Síguenos en Twitter       Síguenos en Facebook       Síguenos en YouTube       Siguenos en Linkedin       Correo Grupsagessa       Gmail       Yahoo Mail       Dropbox       Instagram       Pinterest       Slack       Google Drive       Print       StumbleUpon


Mi foto
FACP. Colegio de médicos de Tarragona Nº 4305520 / fgcapriles@gmail.com



Buscar en contenido


miércoles, 12 de octubre de 2016

Post-Intubation Analgesia/Sedation

emDocs - October 11, 2016 - Authors: Birnbaum K and Willis J
Edited by: Cassella C and Koyfman A
Intubation is an important intervention in the ED. We see a critical or impending airway problem and we secure the airway with intubation–very satisfying! Yet our job does not stop there. In addition to maintaining an appropriate ventilation strategy after intubation, it is crucial that we use appropriate post-intubation sedation and analgesia regimens for the continued care of these critical patients. This post will review sedation and analgesia regimens for different clinical scenarios after intubation, as well as some common pitfalls that we must be diligent to avoid...
Conclusion / Take-Home Points
  • Don’t forget about post-intubation sedation/analgesia. Order these medications with your RSI meds and communicate with your nurses.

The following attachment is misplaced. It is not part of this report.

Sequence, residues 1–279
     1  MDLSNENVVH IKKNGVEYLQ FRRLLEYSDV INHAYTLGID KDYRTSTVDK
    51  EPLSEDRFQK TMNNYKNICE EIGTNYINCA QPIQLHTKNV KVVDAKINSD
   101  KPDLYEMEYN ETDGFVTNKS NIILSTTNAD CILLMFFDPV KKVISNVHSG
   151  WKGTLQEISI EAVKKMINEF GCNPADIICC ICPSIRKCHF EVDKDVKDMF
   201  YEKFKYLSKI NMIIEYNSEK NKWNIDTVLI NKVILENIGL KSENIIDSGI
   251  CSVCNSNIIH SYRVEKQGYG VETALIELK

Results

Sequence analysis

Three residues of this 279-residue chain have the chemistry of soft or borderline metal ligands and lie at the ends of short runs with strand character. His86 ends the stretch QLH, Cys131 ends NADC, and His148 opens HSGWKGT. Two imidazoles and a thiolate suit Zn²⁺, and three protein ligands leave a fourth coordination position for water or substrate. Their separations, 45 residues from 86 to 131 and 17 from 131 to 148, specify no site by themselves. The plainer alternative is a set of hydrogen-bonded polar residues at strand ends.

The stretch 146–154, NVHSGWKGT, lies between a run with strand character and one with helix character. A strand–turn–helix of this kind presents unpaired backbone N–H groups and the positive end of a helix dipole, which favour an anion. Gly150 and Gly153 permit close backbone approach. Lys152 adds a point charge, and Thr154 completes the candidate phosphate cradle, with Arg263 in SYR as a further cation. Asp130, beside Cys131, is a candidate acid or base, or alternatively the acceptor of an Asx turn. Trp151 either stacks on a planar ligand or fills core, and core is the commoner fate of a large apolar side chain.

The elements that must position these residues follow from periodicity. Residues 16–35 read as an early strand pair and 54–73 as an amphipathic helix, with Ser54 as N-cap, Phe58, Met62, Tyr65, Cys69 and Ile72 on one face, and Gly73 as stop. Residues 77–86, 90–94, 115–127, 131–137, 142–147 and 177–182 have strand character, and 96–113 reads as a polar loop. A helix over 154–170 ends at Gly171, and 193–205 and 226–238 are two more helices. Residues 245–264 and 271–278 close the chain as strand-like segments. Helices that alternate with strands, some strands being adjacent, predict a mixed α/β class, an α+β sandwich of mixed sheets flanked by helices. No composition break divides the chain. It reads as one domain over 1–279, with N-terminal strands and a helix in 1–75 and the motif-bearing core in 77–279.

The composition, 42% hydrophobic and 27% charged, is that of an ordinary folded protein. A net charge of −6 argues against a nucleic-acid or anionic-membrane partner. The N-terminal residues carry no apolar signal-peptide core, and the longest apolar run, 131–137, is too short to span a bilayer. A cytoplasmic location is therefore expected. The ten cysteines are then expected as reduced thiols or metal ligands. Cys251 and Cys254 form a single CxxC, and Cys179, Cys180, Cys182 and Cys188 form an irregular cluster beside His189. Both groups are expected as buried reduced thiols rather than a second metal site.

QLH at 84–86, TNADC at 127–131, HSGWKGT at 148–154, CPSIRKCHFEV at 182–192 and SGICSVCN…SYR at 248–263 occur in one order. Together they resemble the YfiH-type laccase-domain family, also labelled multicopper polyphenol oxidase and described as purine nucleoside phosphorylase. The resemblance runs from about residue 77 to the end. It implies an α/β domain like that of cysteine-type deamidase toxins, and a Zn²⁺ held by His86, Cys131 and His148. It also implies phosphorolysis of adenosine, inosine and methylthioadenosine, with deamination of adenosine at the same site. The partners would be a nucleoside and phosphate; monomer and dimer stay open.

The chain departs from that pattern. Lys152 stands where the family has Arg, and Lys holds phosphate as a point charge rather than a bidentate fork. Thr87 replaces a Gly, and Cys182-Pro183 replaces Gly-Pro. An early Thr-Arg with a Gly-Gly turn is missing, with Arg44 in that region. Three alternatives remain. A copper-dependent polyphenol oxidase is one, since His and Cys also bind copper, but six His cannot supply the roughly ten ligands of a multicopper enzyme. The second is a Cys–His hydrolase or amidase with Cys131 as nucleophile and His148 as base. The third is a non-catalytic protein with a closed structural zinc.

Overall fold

• Mechanical ventilation hurts and pain control is always primary. Every intubated patient should have adequate analgesia. An objective scale like RASS should be used to assess additional sedation needs after primary analgesia is started.
  • Nonbenzodiazepines like ketamine, propofol, and dexmedetomidine are first-line recommendations for sedation over benzodiazepines and are associated with better outcomes.
  • Consider the hemodynamic profile when choosing medications and don’t neglect analgesia/sedation out of fear for hypotension. Use ketamine for sedation and analgesia in patients with persistent hypotension. Use propofol for hypertensive patients and primary neurological problems (seizures, delirium tremens, hemorrhagic stroke, head trauma)."